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The Next Next Card
by Chris M. Wilcox
This effect is my personal variation of “The Next Card”, the classic card trick in which dealing is stopped at the chosen card, via key card. I have found that it has the ability to amaze and entertain any audience when performed properly. It may be a good follow-up to “The Next Card”; I haven’t tried that yet. Practice the presentation on this one; there aren’t really any hard moves to master. Good luck!
A card is chosen by a spectator and returned to the deck. Cards are dealt face up onto the table. The magician stops dealing and reveals that the next card is the spectator’s card. He puts that card face down on the pile of face up cards. The half of the deck still in the magician’s hand is given a quick shuffle and the magician begins dealing cards face up on top of the face-down chosen card. The magician tells a spectator to stop his dealing whenever he wants. The spectator does so and the remaining portion of cards in the magician’s hands is once again shuffled. The magician turns over the top card of the packet in his hand, showing that it is the chosen card. When the spectator searches through the pile of cards for his face down card, he finds that it has changed. It must be magic!
Have a card selected and shown to the audience. Pull the bottom half of the deck out from under the top half. With the cards held in your hand, use the index finger to motion for the spectator to return his card on the original top half. As you do this, your pointing hand should be holding the cards with their backs toward the spectator in a vertical position. In this position, it is simple to do the glide, thus sighting the second card from the bottom. All this should be done in a matter of seconds. Once the spectator has returned the card, drop the original bottom half on top of it. You should now have one card between the spectator’s card and the card which you glimpsed.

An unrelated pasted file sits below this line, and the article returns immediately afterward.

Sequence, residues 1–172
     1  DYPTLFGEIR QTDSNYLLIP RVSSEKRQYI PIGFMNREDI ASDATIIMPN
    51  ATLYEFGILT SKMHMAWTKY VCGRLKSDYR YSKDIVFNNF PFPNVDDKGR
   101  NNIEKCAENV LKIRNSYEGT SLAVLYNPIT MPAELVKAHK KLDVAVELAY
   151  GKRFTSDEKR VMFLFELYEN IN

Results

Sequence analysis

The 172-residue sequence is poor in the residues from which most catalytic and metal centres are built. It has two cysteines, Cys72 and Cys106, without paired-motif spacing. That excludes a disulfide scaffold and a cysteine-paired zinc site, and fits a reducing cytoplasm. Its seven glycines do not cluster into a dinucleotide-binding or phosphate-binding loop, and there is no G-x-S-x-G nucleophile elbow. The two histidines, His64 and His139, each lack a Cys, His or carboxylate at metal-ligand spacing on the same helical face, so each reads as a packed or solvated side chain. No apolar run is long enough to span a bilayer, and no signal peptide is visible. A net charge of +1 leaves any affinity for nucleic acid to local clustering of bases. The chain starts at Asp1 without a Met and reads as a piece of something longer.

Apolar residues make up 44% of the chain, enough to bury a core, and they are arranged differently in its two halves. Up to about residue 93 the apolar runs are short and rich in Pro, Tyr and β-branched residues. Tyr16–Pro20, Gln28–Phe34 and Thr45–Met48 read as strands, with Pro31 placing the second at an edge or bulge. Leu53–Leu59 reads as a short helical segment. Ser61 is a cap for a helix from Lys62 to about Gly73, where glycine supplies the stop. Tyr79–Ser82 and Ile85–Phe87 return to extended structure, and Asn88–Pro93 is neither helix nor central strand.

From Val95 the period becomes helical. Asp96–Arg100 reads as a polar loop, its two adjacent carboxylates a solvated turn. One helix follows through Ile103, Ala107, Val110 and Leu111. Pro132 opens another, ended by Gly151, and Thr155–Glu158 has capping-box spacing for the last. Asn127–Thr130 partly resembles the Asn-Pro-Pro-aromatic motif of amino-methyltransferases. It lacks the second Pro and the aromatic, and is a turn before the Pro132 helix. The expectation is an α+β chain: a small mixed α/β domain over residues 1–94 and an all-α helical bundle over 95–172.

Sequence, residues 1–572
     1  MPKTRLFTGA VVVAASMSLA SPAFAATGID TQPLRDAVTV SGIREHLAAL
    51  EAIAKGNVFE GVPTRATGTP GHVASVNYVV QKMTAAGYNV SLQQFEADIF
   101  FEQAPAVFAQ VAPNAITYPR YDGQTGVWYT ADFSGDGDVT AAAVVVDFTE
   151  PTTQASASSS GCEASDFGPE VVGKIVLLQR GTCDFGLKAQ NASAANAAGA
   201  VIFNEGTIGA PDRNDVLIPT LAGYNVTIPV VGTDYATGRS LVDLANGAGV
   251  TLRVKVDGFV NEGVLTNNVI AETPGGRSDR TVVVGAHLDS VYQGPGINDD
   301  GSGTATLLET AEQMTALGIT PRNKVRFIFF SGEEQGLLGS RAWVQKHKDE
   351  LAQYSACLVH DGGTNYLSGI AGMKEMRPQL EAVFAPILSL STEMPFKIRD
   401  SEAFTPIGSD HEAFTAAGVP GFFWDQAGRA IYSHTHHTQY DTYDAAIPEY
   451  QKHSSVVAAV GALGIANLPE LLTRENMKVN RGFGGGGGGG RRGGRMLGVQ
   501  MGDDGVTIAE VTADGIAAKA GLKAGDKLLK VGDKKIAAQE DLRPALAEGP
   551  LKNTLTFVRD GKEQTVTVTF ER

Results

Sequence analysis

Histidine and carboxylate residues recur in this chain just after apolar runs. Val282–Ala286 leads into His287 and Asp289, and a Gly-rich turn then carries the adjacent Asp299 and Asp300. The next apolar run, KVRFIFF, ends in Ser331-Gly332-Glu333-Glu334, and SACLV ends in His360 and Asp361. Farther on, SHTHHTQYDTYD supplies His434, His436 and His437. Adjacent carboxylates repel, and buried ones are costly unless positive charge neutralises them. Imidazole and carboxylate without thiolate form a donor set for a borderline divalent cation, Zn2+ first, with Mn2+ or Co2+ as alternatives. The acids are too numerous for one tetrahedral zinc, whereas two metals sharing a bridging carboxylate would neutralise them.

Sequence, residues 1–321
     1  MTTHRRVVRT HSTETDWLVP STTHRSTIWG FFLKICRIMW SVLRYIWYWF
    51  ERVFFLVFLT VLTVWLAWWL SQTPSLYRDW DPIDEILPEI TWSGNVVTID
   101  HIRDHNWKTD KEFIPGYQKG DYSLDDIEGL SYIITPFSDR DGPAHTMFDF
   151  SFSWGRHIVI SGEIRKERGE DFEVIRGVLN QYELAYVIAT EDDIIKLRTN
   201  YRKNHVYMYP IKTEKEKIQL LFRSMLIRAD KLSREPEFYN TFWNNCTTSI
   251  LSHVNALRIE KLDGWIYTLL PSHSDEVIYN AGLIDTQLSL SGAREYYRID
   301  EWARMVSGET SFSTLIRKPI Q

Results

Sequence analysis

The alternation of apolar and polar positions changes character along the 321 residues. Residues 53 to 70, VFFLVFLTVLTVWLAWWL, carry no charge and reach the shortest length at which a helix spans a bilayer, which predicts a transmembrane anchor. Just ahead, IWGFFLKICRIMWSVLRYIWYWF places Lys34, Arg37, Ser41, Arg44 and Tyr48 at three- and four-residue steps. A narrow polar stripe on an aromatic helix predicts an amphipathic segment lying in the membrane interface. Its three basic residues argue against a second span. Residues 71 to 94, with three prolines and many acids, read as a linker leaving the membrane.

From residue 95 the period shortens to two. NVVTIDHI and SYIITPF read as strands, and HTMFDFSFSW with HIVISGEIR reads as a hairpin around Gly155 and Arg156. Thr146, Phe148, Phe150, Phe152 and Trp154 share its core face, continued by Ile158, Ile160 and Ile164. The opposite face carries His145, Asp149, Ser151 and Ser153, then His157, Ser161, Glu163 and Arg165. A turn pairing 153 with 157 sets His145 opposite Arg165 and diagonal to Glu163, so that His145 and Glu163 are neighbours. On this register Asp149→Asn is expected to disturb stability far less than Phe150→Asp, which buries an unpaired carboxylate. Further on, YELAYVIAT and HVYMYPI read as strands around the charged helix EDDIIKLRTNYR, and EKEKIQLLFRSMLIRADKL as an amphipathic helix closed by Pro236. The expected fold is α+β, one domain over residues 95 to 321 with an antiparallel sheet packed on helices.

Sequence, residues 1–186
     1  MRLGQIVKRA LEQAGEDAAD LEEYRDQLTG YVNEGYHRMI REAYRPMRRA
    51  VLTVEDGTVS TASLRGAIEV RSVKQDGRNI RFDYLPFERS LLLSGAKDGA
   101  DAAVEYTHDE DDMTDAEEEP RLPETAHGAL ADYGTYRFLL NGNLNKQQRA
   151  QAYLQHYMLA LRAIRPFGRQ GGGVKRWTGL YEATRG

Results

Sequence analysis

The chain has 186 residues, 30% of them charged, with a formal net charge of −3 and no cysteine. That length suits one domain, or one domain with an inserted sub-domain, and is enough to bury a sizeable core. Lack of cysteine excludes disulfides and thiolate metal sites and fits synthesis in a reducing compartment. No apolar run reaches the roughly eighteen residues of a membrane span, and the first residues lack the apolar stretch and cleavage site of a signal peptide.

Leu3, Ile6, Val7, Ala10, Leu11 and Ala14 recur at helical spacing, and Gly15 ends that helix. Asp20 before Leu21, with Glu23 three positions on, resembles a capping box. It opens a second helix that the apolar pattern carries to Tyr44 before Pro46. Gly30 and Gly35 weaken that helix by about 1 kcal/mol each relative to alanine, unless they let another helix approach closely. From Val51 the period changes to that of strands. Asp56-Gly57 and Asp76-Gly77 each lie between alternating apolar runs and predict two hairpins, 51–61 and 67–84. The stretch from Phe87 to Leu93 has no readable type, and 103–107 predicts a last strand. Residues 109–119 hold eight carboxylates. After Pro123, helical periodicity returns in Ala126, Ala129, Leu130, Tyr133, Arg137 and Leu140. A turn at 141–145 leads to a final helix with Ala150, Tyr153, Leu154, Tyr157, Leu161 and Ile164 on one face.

Holding the cards face down, deal cards onto the table, flipping them face up as you deal. Once you reach the glimpsed card stop dealing. Do a double lift, showing the spectator’s card. Replace it on the deck and deal the top card (which seems to be theirs) face down on the face up pile.
Do a short overhand shuffle, bringing the spectator’s card to the bottom. Continue to deal cards face up on the pile, covering what seems to be the spectator’s card. When an audience member calls stop, stop dealing and give the pile of cards in your hand another overhand shuffle, bringing the spectator’s card to the top. Deal this card face up on the table and watch the amazed looks appear on the audience members’ faces. Have the first spectator search through and find the face down card in the pile on the table. When he does, he will find that it is not his card.
I’ve found that the trick is strengthened by making it seem as though, once you’ve stopped at the selected card, the trick has ended. The last part, dealing face up cards on top, should be done as an afterthought, so to speak (“Hmm, maybe we could try something else here….”).
To avoid having the card flash when it’s on the bottom of the portion held in the hand, peel off the top and bottom cards together in the first shuffle, sending the card to second from the bottom, and shuffle off. Continue with the dealing procedure, as described above, then repeat the shuffle, peeling top and bottom cards together. The chosen card is back on top. Finish as described. This can be very effective in suspicious company.
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